In the two dozen states that have resisted the federal drive to expand the program that funds medical care for the poor, fierce opposition from conservative governors and lawmakers has ground the expansion effort to a crawl.
In several states such as Arkansas and New Hampshire, coalitions of expansion advocates and business-oriented Republican legislators have boosted Medicaid's rolls through the "private option" approach. This enables eligible adults to obtain health coverage through subsidized purchases of commercial health insurance policies on the recently launched individual health exchanges.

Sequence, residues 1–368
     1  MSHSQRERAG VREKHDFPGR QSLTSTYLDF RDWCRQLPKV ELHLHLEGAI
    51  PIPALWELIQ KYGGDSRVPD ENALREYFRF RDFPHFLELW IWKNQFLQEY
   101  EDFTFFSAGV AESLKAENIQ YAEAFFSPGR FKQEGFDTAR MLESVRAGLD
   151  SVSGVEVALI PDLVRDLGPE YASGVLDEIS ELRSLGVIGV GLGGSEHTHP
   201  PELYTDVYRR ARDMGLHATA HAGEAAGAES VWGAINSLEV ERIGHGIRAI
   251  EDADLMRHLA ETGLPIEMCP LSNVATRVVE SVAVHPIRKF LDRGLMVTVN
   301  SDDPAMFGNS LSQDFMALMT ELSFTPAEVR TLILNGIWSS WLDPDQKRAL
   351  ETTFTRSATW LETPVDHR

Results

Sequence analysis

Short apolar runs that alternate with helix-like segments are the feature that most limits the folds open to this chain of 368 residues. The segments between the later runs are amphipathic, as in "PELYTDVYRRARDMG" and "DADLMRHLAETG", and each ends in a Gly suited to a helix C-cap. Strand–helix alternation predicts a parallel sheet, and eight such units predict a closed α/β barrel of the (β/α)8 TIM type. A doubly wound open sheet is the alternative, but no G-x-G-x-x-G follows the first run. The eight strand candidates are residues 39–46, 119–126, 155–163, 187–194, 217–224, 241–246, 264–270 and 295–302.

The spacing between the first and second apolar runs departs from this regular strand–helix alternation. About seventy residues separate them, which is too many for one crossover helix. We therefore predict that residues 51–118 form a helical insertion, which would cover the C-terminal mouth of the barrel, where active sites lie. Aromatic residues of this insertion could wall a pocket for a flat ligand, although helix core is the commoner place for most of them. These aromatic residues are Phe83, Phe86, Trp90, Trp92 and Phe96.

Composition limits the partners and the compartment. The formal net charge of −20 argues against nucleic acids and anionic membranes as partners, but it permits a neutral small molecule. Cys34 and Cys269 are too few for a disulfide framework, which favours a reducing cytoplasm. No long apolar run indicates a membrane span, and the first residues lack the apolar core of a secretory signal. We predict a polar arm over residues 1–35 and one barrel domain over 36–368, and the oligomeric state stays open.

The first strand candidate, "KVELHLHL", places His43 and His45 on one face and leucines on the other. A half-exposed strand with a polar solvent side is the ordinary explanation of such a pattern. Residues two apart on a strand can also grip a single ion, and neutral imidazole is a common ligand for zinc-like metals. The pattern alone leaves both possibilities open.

North Dakota has developed another approach. It is inviting commercial insurance carriers to bid for the opportunity to provide health coverage for the state's 20,500 newly Medicaid-eligible poor adults. State officials solicited bids last August from carriers that "had to have a policy that covered all the essential health benefits," says Julie Schwab, medical director of the state Department of Human Services.
Two commercial carriers placed bids: Blue Cross Blue Shield of North Dakota, the state's largest health insurer, and Sioux Falls, SD-based Sanford Health. While both bids were accepted, only Sanford decided to move forward with North Dakota's Medicaid expansion effort, which launched enrollment on Jan. 1.